Zoekresultaat: 20 artikelen

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Article

Access_open Can Non-discrimination Law Change Hearts and Minds?

Tijdschrift Erasmus Law Review, Aflevering 3 2020
Trefwoorden law and society, social change, discrimination, non-discrimination law, positive action
Auteurs Anita Böcker
SamenvattingAuteursinformatie

    A question that has preoccupied sociolegal scholars for ages is whether law can change ‘hearts and minds’. This article explores whether non-discrimination law can create social change, and, more particularly, whether it can change attitudes and beliefs as well as external behaviour. The first part examines how sociolegal scholars have theorised about the possibility and desirability of using law as an instrument of social change. The second part discusses the findings of empirical research on the social working of various types of non-discrimination law. What conclusions can be drawn about the ability of non-discrimination law to create social change? What factors influence this ability? And can non-discrimination law change people’s hearts and minds as well as their behaviour? The research literature does not provide an unequivocal answer to the latter question. However, the overall picture emerging from the sociolegal literature is that law is generally more likely to bring about changes in external behaviour and that it can influence attitudes and beliefs only indirectly, by altering the situations in which attitudes and opinions are formed.


Anita Böcker
Anita Böcker is associate professor of Sociology of Law at Radboud University, Nijmegen.
Article

Access_open A Positive State Obligation to Counter Dehumanisation under International Human Rights Law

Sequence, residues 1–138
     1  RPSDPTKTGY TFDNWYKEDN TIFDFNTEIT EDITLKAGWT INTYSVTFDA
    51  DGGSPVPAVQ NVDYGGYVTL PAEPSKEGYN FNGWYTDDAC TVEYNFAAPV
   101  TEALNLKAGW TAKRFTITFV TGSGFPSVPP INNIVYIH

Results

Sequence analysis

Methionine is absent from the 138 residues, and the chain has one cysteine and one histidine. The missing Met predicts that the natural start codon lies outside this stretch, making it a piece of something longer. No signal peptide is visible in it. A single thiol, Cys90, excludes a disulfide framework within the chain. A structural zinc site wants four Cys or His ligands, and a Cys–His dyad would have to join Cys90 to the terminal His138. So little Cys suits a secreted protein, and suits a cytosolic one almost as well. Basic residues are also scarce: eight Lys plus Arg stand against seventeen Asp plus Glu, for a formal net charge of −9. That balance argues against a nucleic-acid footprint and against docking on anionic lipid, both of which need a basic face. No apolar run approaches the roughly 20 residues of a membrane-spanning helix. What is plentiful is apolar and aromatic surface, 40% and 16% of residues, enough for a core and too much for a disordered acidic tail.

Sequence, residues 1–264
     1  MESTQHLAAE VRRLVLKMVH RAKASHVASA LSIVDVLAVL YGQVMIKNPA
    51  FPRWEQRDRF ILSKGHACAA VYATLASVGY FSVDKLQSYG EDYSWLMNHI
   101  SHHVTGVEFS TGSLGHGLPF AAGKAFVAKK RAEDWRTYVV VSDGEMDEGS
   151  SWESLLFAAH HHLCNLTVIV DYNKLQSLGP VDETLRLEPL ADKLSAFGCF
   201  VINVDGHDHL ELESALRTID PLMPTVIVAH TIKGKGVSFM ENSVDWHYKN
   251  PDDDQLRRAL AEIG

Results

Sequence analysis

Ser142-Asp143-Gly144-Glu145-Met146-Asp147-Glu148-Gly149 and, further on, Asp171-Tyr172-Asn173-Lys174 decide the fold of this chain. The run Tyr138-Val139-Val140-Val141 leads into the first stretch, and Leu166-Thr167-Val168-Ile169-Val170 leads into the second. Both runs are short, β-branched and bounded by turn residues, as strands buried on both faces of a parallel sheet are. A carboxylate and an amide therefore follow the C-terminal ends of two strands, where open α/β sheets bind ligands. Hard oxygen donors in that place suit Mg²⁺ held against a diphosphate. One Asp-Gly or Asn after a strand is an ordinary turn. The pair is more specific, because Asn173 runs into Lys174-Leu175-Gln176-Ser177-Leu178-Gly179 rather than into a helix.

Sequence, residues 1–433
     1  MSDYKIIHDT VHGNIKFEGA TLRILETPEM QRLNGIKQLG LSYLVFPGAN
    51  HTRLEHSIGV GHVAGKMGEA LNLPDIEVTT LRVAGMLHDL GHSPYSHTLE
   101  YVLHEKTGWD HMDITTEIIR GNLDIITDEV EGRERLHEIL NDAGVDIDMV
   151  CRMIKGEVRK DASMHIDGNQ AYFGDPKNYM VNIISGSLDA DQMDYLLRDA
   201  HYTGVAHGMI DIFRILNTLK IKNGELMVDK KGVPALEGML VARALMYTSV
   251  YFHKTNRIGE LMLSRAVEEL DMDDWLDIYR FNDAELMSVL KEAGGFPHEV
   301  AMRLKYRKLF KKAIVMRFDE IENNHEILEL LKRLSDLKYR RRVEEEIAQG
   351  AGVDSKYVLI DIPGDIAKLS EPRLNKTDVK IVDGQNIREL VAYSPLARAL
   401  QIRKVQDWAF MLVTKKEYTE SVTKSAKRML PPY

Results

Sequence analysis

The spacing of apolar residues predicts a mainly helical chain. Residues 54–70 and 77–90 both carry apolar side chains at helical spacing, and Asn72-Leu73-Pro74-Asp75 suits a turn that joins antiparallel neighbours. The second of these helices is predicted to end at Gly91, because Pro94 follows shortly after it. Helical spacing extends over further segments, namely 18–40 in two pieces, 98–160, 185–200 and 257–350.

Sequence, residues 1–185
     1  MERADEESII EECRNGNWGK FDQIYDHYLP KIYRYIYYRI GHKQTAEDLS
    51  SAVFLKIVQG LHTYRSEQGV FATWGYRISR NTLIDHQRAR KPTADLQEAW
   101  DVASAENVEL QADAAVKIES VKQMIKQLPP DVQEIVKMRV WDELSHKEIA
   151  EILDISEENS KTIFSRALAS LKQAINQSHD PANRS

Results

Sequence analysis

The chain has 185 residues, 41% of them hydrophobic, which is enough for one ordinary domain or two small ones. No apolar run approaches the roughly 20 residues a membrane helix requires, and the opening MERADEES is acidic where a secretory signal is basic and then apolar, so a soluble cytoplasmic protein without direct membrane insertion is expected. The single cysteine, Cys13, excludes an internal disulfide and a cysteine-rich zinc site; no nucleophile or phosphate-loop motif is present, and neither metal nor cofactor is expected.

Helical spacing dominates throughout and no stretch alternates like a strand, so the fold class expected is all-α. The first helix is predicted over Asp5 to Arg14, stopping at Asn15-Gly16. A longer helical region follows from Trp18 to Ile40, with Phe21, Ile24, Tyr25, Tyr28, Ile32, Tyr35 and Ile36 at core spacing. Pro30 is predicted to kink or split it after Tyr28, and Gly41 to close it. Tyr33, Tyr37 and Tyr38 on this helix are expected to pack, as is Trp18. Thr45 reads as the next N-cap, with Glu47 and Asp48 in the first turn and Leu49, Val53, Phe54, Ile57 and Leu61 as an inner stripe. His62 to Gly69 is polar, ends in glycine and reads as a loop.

Tijdschrift Erasmus Law Review, Aflevering 3 2020
Trefwoorden Dehumanisation, International Human Rights Law, Positive State obligations, Framework Convention for the Protection of National Minorities, International Convention on the Elimination of all forms of Racial Discrimination
Auteurs Stephanie Eleanor Berry
SamenvattingAuteursinformatie

    International human rights law (IHRL) was established in the aftermath of the Second World War to prevent a reoccurrence of the atrocities committed in the name of fascism. Central to this aim was the recognition that out-groups are particularly vulnerable to rights violations committed by the in-group. Yet, it is increasingly apparent that out-groups are still subject to a wide range of rights violations, including those associated with mass atrocities. These rights violations are facilitated by the dehumanisation of the out-group by the in-group. Consequently, this article argues that the creation of IHRL treaties and corresponding monitoring mechanisms should be viewed as the first step towards protecting out-groups from human rights violations. By adopting the lens of dehumanisation, this article demonstrates that if IHRL is to achieve its purpose, IHRL monitoring mechanisms must recognise the connection between dehumanisation and rights violations and develop a positive State obligation to counter dehumanisation. The four treaties explored in this article, the European Convention on Human Rights, the International Covenant on Civil and Political Rights, the Framework Convention for the Protection of National Minorities and the International Convention on the Elimination of all forms of Racial Discrimination, all establish positive State obligations to prevent hate speech and to foster tolerant societies. These obligations should, in theory, allow IHRL monitoring mechanisms to address dehumanisation. However, their interpretation of the positive State obligation to foster tolerant societies does not go far enough to counter unconscious dehumanisation and requires more detailed elaboration.